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Satan's School for Girls

a/k/a Satan's Angels

     "What the devil's going on here?"

-- Professor Clampett's little inside joke    





Movie of the Week




Satan's Angels?

( Sorry, Charlie... )


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Sights &
For Girls
 Original Air Date:
  September 19, 1973 (ABC)
Watch 'Em
Jiggle, See
'Em Wiggle:
More Spelling /
Goldberg MFTV

No Place to Run

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Satan's School for Girls

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Death at Love House

The Boy in the Plastic Bubble


Our film opens on a lonely road, where a speeding car erratically makes its way along the asphalt. Behind the wheel we spy Martha Sanders (Terry Lumley), frantically checking the rear-view mirror to make sure no one is following her. The dissonant soundtrack stings clues us in that something is very amiss, and these repeating chords mean something sinister is definitely afoot as the girl passes a derelict gas station with a pay phone and quickly applies the brakes. The girl tries to make a collect call to her sister, Elizabeth, and while the operator tries to connect her she worriedly keeps her eyes back down the road. There's still no one there but the mood doesn't improve as the phone rings and rings. Her sister was supposed to be home but there is no answer. Then, when Martha spots a scruffy looking character coming out of the gas station toward her, she panics and screams at him, and then gets back in the car and roars off. Once she's well and gone, the bum only picks up her discarded cigarette and finishes it off.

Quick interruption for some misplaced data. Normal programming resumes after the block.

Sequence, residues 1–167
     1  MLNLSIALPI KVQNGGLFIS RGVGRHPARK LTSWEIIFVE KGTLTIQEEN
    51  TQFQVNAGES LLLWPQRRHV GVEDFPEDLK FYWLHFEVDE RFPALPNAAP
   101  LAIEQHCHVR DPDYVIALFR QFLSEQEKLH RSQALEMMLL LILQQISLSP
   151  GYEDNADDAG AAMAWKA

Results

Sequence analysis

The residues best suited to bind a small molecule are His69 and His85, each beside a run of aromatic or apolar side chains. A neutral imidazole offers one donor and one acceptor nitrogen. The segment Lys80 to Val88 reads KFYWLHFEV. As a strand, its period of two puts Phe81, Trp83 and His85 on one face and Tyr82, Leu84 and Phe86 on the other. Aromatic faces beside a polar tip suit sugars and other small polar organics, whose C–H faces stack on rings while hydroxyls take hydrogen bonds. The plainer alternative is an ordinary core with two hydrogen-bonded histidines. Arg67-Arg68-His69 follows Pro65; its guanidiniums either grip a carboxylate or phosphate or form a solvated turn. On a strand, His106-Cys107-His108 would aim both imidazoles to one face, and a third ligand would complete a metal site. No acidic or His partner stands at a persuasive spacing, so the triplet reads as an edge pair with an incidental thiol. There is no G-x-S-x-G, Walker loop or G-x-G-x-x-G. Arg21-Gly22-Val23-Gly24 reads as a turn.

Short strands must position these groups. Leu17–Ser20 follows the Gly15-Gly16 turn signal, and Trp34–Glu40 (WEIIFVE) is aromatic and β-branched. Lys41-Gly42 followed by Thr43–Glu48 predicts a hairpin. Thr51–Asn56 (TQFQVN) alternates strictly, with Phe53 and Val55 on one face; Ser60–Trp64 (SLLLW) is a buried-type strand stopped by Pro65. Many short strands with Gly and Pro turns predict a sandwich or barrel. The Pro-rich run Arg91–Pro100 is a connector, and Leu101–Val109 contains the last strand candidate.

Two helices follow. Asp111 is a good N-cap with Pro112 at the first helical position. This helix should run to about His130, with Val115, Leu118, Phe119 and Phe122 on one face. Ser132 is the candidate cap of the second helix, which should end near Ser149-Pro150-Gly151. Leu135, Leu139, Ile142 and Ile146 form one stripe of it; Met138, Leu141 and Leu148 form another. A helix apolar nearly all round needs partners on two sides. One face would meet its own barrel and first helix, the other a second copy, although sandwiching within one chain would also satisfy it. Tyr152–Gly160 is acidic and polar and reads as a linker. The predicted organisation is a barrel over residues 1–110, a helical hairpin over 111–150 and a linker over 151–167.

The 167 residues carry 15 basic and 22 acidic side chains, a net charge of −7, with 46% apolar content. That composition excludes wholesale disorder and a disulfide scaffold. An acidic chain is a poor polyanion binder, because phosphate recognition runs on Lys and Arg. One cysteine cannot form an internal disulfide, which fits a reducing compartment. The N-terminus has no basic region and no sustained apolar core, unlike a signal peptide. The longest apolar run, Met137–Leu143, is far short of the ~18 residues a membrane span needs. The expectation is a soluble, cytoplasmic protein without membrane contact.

Quite obviously, whatever it is that's chasing her has Martha scared beyond rationality. She makes it to Liz's house, whose snuck into town for some groceries. After the creepy gardener let's her inside, locking the door behind her, Martha quickly moves around the house and closes all the blinds. Once that's done, for only a brief moment, the girl feels safe -- until realizing she's not alone in the house. And then Martha screams, and screams and screams...